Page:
Casey Zuzak | FEMA
Casey Zuzak is a senior risk analyst at FEMA and lead for the FEMA National Risk Index, working with natural hazard risk assessment data and tools to support the agency's risk communication strategies.
Join the Los Angeles Times and Esri at an exclusive leadership event illuminating crucial climate issues in California. Discover how a geographic approach enables decision-makers to address the climate crisis, including exploring hazards, assessing vulnerability and risk, investigating options, prioritizing and planning, and taking action.
Katharine Hayhoe, chief scientist for The Nature Conservancy (TNC) and a Paul W. Horn Distinguished Professor and political science endowed professor in public policy and public law at Texas Tech University, is an accomplished atmospheric scientist who studies climate change and why it matters to us here and now. Her extensive, award-winning work researching, analyzing, and communicating climate impacts across regions and industries encompasses peer-reviewed research, key reports, books, talks, articles, and television series, including serving as lead author on the second, third, and fourth National Climate Assessments.
Krystal Laymon is the senior policy advisor for climate resilience and adaptation at the White House Office of Domestic Climate Policy. She has held positions at the Federal Emergency Management Agency (FEMA), the United States Department of Energy, and the United Nations and has spent her career working with states, localities, and Tribes to implement climate resilience and equity goals. Krystal has an MPA in Environmental Science and Policy from Columbia University and an undergraduate degree from the University of California, Davis.
Adapting to climate change requires recognizing that people and events, locally and globally, are tightly interconnected—as are complex human-made and natural systems. Join Part 1 of this event to hear how technologists and spatial experts are using location technology to understand patterns of extreme climate-related events—such as flooding, wildfires, drought, and excessive heat—and strengthen resilience against those perils.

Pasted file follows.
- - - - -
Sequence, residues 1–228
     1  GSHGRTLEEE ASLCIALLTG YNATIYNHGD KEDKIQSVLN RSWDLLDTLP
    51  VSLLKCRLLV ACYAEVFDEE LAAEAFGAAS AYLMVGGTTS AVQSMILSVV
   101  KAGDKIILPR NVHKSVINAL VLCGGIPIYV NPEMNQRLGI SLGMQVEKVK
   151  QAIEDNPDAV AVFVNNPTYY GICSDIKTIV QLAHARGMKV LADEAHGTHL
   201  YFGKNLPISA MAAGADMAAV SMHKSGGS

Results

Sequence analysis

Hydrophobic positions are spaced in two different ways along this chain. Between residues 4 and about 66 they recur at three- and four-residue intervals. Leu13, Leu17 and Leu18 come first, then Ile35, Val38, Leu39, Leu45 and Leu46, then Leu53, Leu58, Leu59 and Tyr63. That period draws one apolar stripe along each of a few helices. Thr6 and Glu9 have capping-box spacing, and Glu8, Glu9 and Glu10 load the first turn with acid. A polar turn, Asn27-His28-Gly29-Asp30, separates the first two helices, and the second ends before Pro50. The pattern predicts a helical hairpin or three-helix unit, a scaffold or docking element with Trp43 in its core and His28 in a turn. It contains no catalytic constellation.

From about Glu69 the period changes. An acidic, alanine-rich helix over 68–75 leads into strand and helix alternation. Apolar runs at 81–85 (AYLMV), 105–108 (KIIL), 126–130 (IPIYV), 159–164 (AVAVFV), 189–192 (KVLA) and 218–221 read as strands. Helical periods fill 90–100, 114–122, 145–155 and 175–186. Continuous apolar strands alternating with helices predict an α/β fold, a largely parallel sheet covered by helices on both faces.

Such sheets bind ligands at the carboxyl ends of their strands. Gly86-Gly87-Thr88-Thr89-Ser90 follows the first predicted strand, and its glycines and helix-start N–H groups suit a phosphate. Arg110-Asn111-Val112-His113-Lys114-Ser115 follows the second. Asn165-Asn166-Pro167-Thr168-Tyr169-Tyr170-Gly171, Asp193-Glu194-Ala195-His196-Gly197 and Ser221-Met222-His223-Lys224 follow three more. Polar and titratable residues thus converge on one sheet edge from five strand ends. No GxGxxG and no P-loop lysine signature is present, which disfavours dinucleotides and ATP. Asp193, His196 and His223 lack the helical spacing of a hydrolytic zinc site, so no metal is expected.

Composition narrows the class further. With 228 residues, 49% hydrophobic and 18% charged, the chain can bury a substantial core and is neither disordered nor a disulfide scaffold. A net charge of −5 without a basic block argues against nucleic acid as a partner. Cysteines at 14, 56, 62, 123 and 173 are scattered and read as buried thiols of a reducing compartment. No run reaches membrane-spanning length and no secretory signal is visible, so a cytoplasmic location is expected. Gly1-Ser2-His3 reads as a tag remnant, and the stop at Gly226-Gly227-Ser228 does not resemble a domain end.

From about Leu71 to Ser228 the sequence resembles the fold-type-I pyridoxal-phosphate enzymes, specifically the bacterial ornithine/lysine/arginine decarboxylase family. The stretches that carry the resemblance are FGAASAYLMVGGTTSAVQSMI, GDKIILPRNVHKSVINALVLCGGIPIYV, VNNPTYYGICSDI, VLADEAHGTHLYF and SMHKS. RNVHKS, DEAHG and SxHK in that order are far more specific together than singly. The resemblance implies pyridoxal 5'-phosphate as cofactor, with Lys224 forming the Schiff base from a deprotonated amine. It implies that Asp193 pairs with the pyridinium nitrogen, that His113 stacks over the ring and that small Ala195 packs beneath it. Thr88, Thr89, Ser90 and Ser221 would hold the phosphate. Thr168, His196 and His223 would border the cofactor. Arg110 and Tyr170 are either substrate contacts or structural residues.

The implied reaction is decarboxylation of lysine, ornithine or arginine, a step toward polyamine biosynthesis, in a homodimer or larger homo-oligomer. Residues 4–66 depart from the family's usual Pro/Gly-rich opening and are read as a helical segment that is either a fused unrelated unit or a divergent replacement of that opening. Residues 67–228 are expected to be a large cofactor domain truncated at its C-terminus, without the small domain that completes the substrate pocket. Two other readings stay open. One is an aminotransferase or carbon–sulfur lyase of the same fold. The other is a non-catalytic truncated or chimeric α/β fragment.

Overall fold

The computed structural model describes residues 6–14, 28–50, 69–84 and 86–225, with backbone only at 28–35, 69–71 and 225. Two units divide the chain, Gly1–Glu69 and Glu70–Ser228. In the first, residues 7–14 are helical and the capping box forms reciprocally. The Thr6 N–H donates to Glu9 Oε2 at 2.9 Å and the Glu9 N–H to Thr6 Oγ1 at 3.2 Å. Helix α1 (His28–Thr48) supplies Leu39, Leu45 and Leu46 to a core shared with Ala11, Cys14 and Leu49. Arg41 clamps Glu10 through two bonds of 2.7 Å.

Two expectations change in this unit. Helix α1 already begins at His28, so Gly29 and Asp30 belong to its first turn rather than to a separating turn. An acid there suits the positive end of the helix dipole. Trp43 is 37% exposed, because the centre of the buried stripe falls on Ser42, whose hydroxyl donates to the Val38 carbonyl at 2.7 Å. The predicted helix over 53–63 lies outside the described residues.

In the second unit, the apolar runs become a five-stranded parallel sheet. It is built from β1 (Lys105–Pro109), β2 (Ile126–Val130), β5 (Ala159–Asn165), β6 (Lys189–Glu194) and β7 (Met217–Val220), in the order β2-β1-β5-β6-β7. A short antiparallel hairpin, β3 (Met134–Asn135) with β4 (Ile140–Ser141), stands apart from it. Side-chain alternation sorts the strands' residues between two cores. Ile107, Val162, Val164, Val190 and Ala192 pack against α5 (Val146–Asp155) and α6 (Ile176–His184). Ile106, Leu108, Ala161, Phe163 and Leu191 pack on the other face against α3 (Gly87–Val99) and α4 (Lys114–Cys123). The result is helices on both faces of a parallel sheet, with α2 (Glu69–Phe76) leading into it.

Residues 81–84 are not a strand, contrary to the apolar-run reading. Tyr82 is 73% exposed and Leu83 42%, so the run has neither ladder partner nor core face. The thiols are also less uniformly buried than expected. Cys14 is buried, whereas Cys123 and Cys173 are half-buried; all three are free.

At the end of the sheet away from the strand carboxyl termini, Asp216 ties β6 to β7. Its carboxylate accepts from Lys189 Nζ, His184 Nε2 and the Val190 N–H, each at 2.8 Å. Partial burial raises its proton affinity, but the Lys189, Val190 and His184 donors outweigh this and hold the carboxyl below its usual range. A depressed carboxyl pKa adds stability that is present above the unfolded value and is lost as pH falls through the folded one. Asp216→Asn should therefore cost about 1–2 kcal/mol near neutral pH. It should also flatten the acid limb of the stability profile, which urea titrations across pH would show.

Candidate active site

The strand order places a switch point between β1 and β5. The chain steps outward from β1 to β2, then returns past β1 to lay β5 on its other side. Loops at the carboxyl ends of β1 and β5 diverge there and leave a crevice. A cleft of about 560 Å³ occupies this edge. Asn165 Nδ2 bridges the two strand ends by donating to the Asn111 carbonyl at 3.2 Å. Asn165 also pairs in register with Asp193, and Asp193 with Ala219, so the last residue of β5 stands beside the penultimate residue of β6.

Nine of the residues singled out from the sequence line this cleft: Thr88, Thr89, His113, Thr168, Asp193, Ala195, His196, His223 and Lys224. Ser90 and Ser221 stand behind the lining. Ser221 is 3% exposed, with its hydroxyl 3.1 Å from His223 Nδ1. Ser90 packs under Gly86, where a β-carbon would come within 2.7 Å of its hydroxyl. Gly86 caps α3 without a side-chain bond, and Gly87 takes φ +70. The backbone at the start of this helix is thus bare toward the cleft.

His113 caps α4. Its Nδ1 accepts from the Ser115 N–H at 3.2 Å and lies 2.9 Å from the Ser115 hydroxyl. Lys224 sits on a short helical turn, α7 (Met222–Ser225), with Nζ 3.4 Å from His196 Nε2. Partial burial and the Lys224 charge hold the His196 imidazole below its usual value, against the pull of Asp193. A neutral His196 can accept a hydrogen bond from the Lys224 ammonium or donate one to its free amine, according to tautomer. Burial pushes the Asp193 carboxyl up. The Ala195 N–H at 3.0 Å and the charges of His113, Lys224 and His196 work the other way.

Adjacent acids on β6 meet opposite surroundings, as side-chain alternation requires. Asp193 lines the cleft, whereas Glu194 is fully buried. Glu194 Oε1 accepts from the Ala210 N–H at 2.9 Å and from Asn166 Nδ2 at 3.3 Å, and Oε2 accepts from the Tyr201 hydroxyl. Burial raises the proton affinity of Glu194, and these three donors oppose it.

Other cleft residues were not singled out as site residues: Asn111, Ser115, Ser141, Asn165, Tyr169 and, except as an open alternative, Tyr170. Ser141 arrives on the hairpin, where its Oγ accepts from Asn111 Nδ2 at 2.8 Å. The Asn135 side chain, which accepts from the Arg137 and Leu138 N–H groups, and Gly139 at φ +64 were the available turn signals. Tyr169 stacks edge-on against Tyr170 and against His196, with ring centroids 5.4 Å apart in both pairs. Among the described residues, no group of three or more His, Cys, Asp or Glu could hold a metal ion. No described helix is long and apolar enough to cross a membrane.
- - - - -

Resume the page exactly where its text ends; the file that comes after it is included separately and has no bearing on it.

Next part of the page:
Jiri Ctyroky is the director of the Spatial Information Section at the Prague Institute of Planning and Development, working with the City of Prague. His work includes using spatial analysis to map climate vulnerability, such as extreme heat events, identifying risk areas to inform mitigation strategies.
A geographic approach allows leaders to sort out complexity and sustainably manage essential resources using highly accurate, holistic data. Join Part 2 of this event to learn how decision-makers are utilizing new technologies and cost-effective measures to reduce negative outcomes in the communities where they operate, including harmful emissions, extreme heat, loss of biodiversity, water pollution, and other threats to the environment.
Vlada Kenniff is the senior vice president for sustainability at the New York City Housing Authority (NYCHA). She leads NYCHA's Sustainability Agenda and has spent over a decade working on clean energy, water conservation, green infrastructure, and climate resiliency projects.
The cutting-edge technology needed to support crucial climate decisions and balance human-made systems with the natural world is available here and now. Join Part 3 of this event to hear how geospatial technology integrates the best data, science, and systems thinking to look at climate impacts holistically and aid our understanding of the relationships between places, people, policies, and practices.
Dawn Wright, chief scientist at Esri, is a geographer and oceanographer who represents Esri to the national and international scientific community. Pioneering the use of GIS for ocean and coastal sciences, her work in seafloor mapping, ocean conservation, and environmental informatics contributes to vital climate action efforts and empowers data-driven methods for understanding, measuring, and addressing climate impacts.